In for a penny . . .
Baking and ice lollies go together at a family business in Lowestoft
IT is eight-thirty in the morning, but at Lowestoft’s Penny Bun Bakehouse, Johnny Spillings has already been hard at work for hours. Dough of every conceivable shape and form is rising in vast trays and Johnny and his two bakers, Andy Howes and Darren Copeman, are zipping around in a non-stop, carefully orchestrated floury dance to get their breads in the oven for later delivery to clients all over Suffolk and Norfolk. Sourdough, ciabatta, brioche, focaccia, rye bread, spelt, hot dogs buns, sandwich loafs, speciality breads, slap, shape, rise, bake. It’s a sort of bakers’ pavanne and wherever you stand, you’re going to be in their way.
Johnny has worked with some of the biggest names on the British restaurant scene – Raymond Blanc at Le Manoir Au Quat’ Saisons, Michel Roux Snr and his son Alain at The Waterside in Bray, and nearly next door, with Heston Blumenthal. He also makes yearly trips to Richard Branson’s private Caribbean island, Necker, to cook for the billionaire’s guests during his annual tennis tournament.
It is all a long, Michelin star-studded way from a bakery on a small industrial estate in Lowestoft, but Johnny, Suffolk born and bred, wanted to be his own boss. He spent a few thousand pounds on equipment from a retiring deli owner and set up Penny Bun. Seven years on it is an established business, supplying bread to around 60 customers across the region, as well as setting up stalls at markets and festivals. Johnny’s latest venture is a pop-up shop, The Box, open on Saturdays in Southwold.
“We supply restaurants, hotels, delis, cafes, anywhere that wants to have a bit better quality of bread, and it’s really taken off,” says 37-year-old Johnny. “And because we’re not busy enough with one business and a baby, we opened another!”
That’s Lickety Ice, run in tandem with his wife Bex, a former graphic designer and mother of Savannah, who, at under two years old, is already a veteran of the Latitude music festival, where her parents had a stall. The two businesses work side by side in his-andhers units and Lickety Ice looks set to be as successful as Penny Bun.
“Jonny tends to run with these ideas, he gets quite excited, ‘let’s go for it, Suffolk hasn’t got anything like this’, so he really pushed it,” says Bex. “We both worked on it together for
a couple of years. We got the initial idea and then had to do a lot of research, find the kit, decide the flavours. The idea was to come up with a core range that we could produce and then add to and change with the seasons.”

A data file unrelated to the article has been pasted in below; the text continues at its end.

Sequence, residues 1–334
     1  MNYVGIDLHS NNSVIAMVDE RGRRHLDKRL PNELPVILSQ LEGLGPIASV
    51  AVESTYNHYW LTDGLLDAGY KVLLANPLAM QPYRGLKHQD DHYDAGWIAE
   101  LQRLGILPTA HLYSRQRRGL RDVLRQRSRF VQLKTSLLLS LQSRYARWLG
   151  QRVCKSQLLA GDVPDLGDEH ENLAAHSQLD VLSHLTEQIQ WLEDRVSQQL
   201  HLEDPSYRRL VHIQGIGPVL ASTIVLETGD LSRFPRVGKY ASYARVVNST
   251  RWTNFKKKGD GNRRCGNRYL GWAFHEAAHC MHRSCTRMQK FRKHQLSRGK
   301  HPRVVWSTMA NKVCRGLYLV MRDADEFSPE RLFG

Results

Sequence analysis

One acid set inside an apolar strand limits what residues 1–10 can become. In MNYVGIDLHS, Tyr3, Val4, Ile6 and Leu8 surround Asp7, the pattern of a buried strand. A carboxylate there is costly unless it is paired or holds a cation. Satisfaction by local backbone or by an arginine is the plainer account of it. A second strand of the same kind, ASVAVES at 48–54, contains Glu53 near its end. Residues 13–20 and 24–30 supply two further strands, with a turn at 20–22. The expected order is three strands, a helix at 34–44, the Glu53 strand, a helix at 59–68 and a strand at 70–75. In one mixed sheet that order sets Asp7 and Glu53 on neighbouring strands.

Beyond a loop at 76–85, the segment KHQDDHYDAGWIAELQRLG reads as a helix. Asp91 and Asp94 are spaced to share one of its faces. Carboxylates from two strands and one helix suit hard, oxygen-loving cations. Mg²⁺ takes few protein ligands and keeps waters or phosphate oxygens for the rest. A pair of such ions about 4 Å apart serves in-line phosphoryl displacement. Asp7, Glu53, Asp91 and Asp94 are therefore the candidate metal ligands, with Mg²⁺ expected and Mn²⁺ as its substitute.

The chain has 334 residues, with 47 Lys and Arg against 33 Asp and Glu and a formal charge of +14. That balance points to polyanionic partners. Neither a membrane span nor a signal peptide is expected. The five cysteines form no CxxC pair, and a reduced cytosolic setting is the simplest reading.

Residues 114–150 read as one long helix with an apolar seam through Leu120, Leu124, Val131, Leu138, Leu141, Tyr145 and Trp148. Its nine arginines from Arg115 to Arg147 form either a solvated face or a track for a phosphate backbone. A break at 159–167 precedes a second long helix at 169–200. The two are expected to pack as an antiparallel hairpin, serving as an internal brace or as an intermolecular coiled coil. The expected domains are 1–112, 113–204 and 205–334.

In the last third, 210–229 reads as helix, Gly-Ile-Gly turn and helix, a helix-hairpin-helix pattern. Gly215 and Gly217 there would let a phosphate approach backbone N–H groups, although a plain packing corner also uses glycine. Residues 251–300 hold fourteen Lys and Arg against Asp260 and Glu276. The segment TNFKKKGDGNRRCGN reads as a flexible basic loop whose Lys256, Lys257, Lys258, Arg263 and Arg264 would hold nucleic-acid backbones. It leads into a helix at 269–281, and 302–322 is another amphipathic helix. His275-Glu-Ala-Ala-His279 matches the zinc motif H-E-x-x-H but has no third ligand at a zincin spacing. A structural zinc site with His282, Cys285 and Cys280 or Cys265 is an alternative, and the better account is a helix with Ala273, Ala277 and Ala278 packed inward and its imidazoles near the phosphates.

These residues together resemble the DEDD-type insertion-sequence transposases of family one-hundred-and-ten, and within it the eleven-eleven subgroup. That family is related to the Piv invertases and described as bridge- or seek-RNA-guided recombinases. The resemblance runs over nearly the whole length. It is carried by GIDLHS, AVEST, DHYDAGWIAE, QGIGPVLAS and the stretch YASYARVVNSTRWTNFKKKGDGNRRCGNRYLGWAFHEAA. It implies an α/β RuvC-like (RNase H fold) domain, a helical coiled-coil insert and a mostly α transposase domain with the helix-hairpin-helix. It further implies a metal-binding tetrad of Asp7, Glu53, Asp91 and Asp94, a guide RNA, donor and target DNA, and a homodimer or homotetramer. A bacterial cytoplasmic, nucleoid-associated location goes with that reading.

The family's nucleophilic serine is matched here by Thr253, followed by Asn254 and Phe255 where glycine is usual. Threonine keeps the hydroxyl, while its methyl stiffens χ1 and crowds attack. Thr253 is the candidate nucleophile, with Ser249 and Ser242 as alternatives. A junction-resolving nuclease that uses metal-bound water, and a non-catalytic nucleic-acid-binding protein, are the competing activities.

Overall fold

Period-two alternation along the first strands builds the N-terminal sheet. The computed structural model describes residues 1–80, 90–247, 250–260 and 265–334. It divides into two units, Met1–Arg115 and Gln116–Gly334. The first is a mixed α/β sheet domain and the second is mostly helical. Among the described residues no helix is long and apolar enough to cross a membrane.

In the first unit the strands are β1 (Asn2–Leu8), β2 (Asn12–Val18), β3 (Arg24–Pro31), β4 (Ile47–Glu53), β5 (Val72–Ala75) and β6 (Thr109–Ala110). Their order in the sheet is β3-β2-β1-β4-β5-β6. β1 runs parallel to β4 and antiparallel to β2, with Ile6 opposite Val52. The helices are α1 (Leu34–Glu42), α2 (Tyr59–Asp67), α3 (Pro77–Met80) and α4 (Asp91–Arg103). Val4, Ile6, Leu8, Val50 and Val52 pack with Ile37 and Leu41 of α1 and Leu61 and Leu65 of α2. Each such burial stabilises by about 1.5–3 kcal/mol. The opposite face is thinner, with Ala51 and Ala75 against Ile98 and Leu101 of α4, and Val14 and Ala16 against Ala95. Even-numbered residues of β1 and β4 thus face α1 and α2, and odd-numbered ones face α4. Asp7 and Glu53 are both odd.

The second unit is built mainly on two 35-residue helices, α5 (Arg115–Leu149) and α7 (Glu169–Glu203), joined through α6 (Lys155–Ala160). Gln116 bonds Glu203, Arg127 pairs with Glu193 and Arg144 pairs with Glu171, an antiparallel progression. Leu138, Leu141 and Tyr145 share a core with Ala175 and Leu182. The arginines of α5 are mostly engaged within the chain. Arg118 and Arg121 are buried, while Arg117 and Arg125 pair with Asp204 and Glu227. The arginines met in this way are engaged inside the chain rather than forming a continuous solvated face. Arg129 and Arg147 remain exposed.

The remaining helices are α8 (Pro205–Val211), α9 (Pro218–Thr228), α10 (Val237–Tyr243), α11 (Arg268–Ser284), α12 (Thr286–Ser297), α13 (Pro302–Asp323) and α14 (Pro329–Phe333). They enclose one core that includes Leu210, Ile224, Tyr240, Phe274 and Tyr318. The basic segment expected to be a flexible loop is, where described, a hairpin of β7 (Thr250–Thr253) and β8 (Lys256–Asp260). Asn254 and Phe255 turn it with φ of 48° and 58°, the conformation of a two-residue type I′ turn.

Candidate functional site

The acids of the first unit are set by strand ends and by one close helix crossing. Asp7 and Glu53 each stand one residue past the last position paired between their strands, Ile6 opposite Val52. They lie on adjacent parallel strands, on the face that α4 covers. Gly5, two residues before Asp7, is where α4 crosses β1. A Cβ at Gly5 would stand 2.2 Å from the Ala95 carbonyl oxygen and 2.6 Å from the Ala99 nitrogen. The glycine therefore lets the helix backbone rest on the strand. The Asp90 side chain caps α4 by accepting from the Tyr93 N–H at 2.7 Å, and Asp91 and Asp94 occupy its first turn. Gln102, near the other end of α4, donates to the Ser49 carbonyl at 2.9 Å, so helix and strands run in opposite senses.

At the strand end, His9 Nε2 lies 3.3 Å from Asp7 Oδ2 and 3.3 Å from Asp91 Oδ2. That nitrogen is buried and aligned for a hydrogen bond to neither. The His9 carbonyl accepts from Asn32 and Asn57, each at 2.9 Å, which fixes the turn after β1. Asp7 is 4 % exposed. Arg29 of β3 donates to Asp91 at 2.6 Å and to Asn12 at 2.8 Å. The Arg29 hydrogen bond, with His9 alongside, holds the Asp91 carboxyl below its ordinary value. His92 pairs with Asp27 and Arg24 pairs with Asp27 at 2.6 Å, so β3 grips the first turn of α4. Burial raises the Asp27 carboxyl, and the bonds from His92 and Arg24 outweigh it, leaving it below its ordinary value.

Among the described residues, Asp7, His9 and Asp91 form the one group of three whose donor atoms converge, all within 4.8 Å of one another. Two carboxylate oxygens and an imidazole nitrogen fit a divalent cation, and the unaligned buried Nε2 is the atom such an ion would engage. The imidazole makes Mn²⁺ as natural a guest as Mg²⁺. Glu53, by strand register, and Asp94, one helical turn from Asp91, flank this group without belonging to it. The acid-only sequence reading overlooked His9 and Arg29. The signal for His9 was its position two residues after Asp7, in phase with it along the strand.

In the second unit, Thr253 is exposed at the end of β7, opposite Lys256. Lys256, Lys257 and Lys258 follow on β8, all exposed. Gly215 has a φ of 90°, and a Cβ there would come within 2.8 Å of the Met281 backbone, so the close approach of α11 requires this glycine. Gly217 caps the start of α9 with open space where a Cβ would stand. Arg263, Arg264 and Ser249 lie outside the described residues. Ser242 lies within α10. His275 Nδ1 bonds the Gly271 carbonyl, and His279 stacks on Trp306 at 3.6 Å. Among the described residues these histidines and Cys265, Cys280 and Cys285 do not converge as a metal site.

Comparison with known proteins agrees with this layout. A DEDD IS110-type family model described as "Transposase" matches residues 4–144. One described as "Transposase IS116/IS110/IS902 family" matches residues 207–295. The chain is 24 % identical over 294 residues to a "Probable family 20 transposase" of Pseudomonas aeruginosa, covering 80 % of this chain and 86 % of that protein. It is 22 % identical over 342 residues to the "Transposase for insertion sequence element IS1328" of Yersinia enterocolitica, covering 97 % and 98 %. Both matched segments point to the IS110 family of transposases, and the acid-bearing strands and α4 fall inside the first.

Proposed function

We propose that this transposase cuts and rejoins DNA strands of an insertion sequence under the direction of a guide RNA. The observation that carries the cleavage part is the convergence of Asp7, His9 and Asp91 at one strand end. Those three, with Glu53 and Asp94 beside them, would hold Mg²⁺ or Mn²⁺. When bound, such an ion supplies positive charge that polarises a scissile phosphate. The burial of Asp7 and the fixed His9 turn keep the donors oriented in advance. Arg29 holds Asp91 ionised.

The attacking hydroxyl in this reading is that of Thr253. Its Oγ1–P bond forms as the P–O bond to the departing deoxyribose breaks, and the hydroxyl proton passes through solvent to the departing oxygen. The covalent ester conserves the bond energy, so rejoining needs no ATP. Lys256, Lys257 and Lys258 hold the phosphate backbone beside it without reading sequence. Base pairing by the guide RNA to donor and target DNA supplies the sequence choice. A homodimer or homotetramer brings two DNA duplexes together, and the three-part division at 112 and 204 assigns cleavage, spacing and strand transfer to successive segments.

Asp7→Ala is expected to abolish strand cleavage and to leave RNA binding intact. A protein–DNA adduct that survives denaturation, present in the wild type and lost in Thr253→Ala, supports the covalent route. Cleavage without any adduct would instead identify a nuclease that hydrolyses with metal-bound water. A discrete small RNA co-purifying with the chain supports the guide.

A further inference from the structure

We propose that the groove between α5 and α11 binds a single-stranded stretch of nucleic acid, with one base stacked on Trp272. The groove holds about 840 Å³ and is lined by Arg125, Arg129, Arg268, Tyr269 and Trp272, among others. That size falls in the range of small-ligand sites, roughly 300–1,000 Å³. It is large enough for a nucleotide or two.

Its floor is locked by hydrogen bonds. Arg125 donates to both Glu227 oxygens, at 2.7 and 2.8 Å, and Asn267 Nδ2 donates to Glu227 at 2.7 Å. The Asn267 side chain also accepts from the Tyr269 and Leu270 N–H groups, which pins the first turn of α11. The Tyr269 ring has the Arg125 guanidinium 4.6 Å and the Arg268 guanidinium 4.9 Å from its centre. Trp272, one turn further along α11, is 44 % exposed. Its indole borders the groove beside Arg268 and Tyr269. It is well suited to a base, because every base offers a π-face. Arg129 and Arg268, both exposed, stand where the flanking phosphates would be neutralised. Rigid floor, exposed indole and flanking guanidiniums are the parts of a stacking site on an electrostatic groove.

The lollies are made with whole fruit, a minimum of sugar, sometimes milk, cream or an egg-based custard, using locally-sourced ingredients wherever possible. There is an adult range, some dessert-based, some alcoholic, which can be made bespoke for private events like weddings or birthdays, or for corporate clients. And a children’s range, because as Bex says: “There’s not much available in a children’s ice cream that is actually good for them, or low sugar, or natural fruit. I give our milk-based lollies to my daughter and I’m happy that she can eat them.”
The couple are hoping to expand the wholesale side, getting the lollies onto restaurant dessert menus and into outlets across Suffolk and Norfolk. Sometimes they combine their two businesses – at the recent Lowestoft Chilli Festival they had a stand selling chilli-flavoured bread alongside a fruity chilli ice lolly.
“It’s fun working together,” says Bex. “We get on. Jonny is a very, very good leader, and it’s been nice to brand our own concept and see it all the way through from the initial idea to getting it out to the public and going to events this year like Latitude and Jimmy’s Farm Festival. We only launched at last year’s Aldeburgh Food and Drink Festival, so it’s really taken off.
“For me it’s a complete career change but I enjoy going out and selling and being around the public. Savannah has come along to everything with us so far and that doesn’t make it a work thing, it makes it a fun, family adventure that we’re doing together and it doesn’t really feel like work. It’s brilliant and I enjoy every minute.”
“The idea was to come up with a core range that we could produce and then add to and change with the seasons”
Johnny Spillings’ bread.
Hard at work at the Penny Bun Bakehouse.
Making Lickety Ices